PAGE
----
During the 1600s, young girls in a village located in Massachusetts began accusing women for performing witchcraft. The result of these accusations led to hysteria and the hanging of many people throughout the village. The playwright, The Crucible, by Arthur Miller, and the novel, Witch Child, by Celia Rees, have both fictionalized the Salem Witch Trials. In The Crucible, the antagonist Abigail Williams is the source of conflict. She falsely accuses several village people of performing witchcraft, which resulted from her jealousy of her lover’s wife.
With Abigail's careless act, the town is in despair, every time she would create a lie it would turn people against each other. Even when these group of people have been living with each other years, with one action from Abigail they are automatically believing each person is associated with the Devil. Questioningly, Abigail says “Why? Why do you come, yellow bird?” (Miller.3.991). Once again, Abigail uses spectral evidence to get her way.
The Crucible is a book written by Author Miller to illustrate all the lies and deceit that took place during the Salem Witch Trials of 1692-1693. There are so many different forms of lies and deceit present with in this book. But to me the three biggest are when Mary Warren and the girls, Putnam’s versusthe rest of the town and John Proctor vs Abigail. But the lies and deceit derail all of these. The main story in the book is about how the girl lied to everyone about doing witchcraft to save them selves.
This appears man times throughout The Crucible. One time is when Mary Warren is getting questioned about pretending and she then accuses John Proctor. She did this because she was scared for her life. That show weakness because she cannot handle being questioned. Another example of weakness is when Abigail Williams runs away from Salem and robs her uncle.
The Salem Witch Trials was a series of false accusations of witchcraft taking place in Salem, which during the seventeenth century, was apart of the Massachusetts Bay Colony. The trials began in February of 1692, when the first three victims, Sarah Good, Sarah Osbourne, and a slave girl named Tituba, were sentenced to their hangings (Brooks). They were caught in the winter of 1691, playing a fortune telling game with a makeshift ball (Boyer). Tituba, owned by Reverend Samuel Paris, confessed to be a witch working with the devil to tear apart the village (Campbell). Her confession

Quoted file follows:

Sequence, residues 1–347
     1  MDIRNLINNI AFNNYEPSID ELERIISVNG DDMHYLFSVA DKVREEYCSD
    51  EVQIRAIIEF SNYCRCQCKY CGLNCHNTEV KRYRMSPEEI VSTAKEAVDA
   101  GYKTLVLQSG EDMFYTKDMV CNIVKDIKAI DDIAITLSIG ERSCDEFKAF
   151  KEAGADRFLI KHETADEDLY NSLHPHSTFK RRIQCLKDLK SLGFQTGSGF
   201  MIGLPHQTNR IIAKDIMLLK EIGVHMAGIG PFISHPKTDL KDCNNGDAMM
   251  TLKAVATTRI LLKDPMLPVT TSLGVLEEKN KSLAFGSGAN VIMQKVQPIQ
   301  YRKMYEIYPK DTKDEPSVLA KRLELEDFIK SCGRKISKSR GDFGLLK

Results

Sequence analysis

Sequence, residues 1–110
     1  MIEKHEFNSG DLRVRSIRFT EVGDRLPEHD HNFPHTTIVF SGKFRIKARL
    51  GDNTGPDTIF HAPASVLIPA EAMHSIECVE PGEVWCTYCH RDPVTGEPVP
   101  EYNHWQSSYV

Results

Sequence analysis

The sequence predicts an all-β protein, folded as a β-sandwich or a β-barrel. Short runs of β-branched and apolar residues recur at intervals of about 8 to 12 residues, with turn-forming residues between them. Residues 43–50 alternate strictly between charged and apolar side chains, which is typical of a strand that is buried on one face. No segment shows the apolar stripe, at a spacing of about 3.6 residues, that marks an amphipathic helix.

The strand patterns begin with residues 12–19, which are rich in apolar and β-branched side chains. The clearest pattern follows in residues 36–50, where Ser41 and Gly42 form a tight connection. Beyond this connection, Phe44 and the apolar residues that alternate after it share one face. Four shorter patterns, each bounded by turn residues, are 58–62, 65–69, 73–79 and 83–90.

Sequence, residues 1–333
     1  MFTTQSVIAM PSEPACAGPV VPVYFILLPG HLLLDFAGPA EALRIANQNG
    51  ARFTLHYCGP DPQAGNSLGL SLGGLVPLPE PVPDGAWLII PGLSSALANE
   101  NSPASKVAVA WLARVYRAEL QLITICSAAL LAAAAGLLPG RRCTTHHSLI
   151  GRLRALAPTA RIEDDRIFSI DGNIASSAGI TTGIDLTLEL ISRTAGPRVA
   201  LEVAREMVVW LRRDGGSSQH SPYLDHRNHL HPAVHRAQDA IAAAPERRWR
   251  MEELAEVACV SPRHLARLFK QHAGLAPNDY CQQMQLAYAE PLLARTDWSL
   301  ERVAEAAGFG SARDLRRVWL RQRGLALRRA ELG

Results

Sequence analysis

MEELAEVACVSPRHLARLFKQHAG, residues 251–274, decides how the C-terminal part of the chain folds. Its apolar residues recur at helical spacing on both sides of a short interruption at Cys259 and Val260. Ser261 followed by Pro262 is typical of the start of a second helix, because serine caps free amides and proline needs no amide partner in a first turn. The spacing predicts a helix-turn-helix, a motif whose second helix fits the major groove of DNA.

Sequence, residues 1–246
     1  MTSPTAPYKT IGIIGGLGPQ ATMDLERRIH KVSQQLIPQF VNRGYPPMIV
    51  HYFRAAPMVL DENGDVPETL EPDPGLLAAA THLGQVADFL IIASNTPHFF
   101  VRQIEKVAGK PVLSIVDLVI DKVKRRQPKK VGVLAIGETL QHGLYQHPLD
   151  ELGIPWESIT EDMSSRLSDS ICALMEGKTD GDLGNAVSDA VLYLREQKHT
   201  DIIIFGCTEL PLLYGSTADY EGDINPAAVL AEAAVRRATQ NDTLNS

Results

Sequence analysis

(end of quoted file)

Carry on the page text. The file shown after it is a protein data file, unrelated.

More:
In colonial New England and Europe, belief in the supernatural, specifically in the devil’s procedure of giving some humans –witches –the power to impair others in return for their faith, was unfolded in the early 14th century. People who were thought to be different were accused of witchcraft and apprehended for trials. One of the first trials of Salem was in January 1962, when one of Reverend Samuels Parris’s slaves, called Tituba, would gather a bunch of teenage girls every day. Later in spring, the townspeople were shocked at the girls’ behaviors. It was believed that they danced a black magic dance in nearby woods, and some girls would fall on the floor and hysterically scream.
The Salem Witchcraft Trials had many effects on the town of Salem, Massachusetts. A lot of the effects were negative, destroying the community, government, even individuals. The Witch Trials affected the community of Salem in multiple ways. The witch trials created many tensions between several families in the town. The most acknowledgeable dispute from the play was between the Putnam’s and the Nurse’s.
When a woman is accused of being a witch and her life is in danger in 1600’s Salem, MA what recourse does she have to protect herself? Women of the time had no authority; they were seen as property of the men they married or were born to. Arthur Miller’s The Crucible takes place during the famous Salem witch trials. It all starts when young Abigail Williams has an affair with John Proctor and practices witchcraft in an attempt to kill John Proctor’s wife, Elizabeth. When Abigail is accused of witchcraft, she confesses and in order to take blame off of herself, she accuses many others as well.
And how did it all end it so easily? The trials are one of the most talked about events of hysteria and scapegoating in American history. It all started in January of 1692, when a group of eight young girls started having random outbursts of seizures, contortions and screaming fits. The girls then started accusing innocent women of being witches, and working for the devil. The first three unfortunate victims the girls accused of this crime were Tituba, a slave, Sarah Good, a